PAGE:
9 Tips for Baking the Best Batch of Homemade Brownies

Current mood: chocolate.

There are few desserts more enticing than a warm batch of fresh-baked brownies. Next to Tiger King and tequila, chewy, chocolate-filled fudgy brownies topped with vanilla ice cream are one of my favorite forms of quarantine kryptonite. And while we abide by the "if it ain't broke, don't fix it" approach, testing out these easy brownie upgrades will give you the perfect excuse to bake at least two extra batches this week.

First step to making the best brownies ever = resist the urge to use boxed brownie mix. We guarantee it's well worth the extra effort (though if you're short on from-scratch ingredients and do go the boxed route, we've rounded up our favorites for you). Then apply these simple steps to your best homemade brownie recipe.

Brown your butter.

This is a super simple step that'll layer in loads of extra rich-and-toasty flavor to your finished product. Start by gently melting your butter in a saucepan over medium low heat. Once it's fully melted, increase the heat to medium and stir your bubbly butter constantly with a rubber spatula, making sure to scrape up any bits sticking to the bottom of the pan. Continue to cook until the butter looks well-browned and the loud hissing goes quiet. Remove from the heat and stir in your chocolate.

Whip the eggs super well.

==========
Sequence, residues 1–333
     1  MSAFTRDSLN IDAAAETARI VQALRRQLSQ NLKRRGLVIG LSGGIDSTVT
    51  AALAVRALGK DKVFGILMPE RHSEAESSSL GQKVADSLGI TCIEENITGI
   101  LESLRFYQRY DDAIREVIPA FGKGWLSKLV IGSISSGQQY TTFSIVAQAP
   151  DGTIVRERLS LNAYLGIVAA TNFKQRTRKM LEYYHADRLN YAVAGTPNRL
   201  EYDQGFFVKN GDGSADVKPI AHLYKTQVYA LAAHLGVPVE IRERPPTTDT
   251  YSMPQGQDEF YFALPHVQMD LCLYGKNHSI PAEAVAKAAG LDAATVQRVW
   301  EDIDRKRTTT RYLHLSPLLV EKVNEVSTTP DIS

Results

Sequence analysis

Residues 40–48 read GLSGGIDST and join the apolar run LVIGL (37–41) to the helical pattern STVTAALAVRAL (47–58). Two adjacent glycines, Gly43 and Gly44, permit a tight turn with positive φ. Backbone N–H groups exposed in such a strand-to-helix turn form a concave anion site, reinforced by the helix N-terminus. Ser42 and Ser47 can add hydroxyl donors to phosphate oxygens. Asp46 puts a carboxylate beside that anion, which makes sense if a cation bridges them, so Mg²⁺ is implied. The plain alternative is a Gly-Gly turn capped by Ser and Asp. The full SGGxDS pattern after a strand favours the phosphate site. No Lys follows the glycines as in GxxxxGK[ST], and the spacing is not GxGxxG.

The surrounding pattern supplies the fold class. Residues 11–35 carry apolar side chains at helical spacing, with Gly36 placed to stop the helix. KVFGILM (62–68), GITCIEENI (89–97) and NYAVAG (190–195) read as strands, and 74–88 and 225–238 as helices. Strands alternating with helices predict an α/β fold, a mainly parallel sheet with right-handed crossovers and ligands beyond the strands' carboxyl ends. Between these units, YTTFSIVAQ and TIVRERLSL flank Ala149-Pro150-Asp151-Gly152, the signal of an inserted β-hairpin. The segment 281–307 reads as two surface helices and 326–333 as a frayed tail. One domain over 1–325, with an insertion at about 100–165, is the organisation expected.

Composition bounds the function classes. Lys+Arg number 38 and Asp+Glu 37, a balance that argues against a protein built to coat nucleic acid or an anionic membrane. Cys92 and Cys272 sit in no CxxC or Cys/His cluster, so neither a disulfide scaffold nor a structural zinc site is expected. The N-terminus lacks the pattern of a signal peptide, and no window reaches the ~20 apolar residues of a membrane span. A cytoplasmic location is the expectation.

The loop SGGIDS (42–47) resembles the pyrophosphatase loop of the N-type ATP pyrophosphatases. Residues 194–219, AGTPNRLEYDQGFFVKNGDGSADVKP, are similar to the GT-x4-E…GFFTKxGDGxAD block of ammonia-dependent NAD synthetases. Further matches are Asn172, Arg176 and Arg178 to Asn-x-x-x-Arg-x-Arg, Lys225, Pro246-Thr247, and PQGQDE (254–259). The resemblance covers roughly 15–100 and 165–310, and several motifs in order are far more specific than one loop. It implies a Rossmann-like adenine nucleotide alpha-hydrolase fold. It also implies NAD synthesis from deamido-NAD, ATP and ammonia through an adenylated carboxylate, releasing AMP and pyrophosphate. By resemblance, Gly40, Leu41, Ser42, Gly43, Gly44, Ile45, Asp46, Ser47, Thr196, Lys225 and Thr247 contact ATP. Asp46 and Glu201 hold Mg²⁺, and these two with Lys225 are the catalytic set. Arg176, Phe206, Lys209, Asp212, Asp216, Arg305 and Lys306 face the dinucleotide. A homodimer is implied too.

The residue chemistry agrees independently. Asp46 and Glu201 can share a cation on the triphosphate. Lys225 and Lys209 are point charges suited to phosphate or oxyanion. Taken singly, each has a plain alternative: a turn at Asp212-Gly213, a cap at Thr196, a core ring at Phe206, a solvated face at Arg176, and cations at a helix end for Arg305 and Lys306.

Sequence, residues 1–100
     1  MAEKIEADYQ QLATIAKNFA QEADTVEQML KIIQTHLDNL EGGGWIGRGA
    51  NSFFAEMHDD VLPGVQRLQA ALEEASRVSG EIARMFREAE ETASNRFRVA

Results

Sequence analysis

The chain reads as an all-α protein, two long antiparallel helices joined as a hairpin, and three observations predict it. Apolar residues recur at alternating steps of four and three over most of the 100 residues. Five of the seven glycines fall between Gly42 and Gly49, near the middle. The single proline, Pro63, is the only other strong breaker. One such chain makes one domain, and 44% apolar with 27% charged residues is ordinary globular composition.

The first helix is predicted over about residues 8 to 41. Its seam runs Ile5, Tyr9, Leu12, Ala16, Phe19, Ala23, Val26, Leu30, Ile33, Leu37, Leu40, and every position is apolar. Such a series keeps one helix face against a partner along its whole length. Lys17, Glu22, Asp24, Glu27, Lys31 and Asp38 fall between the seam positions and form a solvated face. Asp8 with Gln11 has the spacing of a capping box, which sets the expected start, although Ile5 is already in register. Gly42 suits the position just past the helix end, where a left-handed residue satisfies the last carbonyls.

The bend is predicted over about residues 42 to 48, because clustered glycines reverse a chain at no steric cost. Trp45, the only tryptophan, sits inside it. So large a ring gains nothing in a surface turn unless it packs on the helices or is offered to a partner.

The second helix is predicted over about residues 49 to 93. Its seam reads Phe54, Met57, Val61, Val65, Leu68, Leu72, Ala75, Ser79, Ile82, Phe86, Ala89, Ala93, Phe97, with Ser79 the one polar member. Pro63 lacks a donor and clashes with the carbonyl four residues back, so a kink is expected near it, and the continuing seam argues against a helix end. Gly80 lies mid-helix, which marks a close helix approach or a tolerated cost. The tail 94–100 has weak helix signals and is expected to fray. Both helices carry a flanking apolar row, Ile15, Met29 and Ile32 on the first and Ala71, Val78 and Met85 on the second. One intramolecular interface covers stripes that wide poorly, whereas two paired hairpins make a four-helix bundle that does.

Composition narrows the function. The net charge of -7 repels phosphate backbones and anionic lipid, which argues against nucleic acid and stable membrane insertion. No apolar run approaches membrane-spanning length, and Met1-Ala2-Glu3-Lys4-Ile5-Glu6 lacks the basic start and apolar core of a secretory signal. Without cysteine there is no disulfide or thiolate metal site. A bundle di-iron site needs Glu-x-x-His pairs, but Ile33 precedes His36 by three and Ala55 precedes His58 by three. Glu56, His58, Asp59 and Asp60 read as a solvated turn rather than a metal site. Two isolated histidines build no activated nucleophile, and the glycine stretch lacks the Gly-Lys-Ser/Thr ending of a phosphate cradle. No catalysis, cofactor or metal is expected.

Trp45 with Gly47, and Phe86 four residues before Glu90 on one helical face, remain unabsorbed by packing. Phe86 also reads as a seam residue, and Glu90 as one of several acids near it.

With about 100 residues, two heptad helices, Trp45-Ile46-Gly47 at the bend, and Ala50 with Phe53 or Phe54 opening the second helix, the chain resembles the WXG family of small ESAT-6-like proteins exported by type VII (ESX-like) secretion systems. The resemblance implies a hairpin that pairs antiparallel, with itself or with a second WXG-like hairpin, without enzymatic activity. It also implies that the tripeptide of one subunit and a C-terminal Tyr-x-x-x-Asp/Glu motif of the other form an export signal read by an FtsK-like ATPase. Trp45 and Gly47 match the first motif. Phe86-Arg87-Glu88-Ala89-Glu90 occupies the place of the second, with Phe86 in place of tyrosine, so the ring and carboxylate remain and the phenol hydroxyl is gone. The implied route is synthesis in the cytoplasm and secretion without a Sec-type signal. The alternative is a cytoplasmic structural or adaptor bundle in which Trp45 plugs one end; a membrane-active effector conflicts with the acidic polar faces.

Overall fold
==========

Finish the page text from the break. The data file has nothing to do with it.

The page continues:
After combining the eggs with sugar, beat them into oblivion (no, seriously). You should whip your eggs until they form a frothy, thick pale foam. If you stop beating sooner, you run the risk of baking a batch of gooey chocolate cake, not brownies.

Blend in some coffee.

As you whip your eggs, mix in a tablespoon of strong brewed coffee or espresso into the foam. It'll enhance the deep, rich chocolate notes and give your brownies a more balanced, less saccharine-sweet flavor.

Sift your flour.

This will give your brownies a fluffier, softer, and more even texture. If you're using Dutch cocoa powder, sift them together. And if you want to go above and beyond, weigh your ingredients (especially your flour) before you add them to your batter.

Add a splash of bourbon.

Why not?

Fold in the dry ingredients gently.

Using a rubber spatula, fold in your flour mixture, making sure not to overmix the batter. If a few small lumps are left in the batter, don't worry—rigorous mixing can make your finished brownies tough and flat.

Cook in an aluminum pan.

Or any lightweight, reflective metal. Aluminum is stellar at heating evenly, so it'll help your entire batch bake into a consistent doneness. Dark metal cooks significantly faster, which leaves you at risk of burning your brownies. Glass, on the other hand, can take significantly longer to bake.

Toothpick test them. Early.

Rather than abiding by the bake time suggested in your recipe, poke a toothpick into the brownies as soon as (or even before) you think they're finished cooking. Keep in mind that brownies continue to cook after taking them out of the oven.

Make clean cuts.

Allow your brownies to cool for at least 15 minutes—ideally 30, this is HARD—before you try to cut into them. Then use a sharp chef's knife and wipe it clean between slices for the cleanest cuts.

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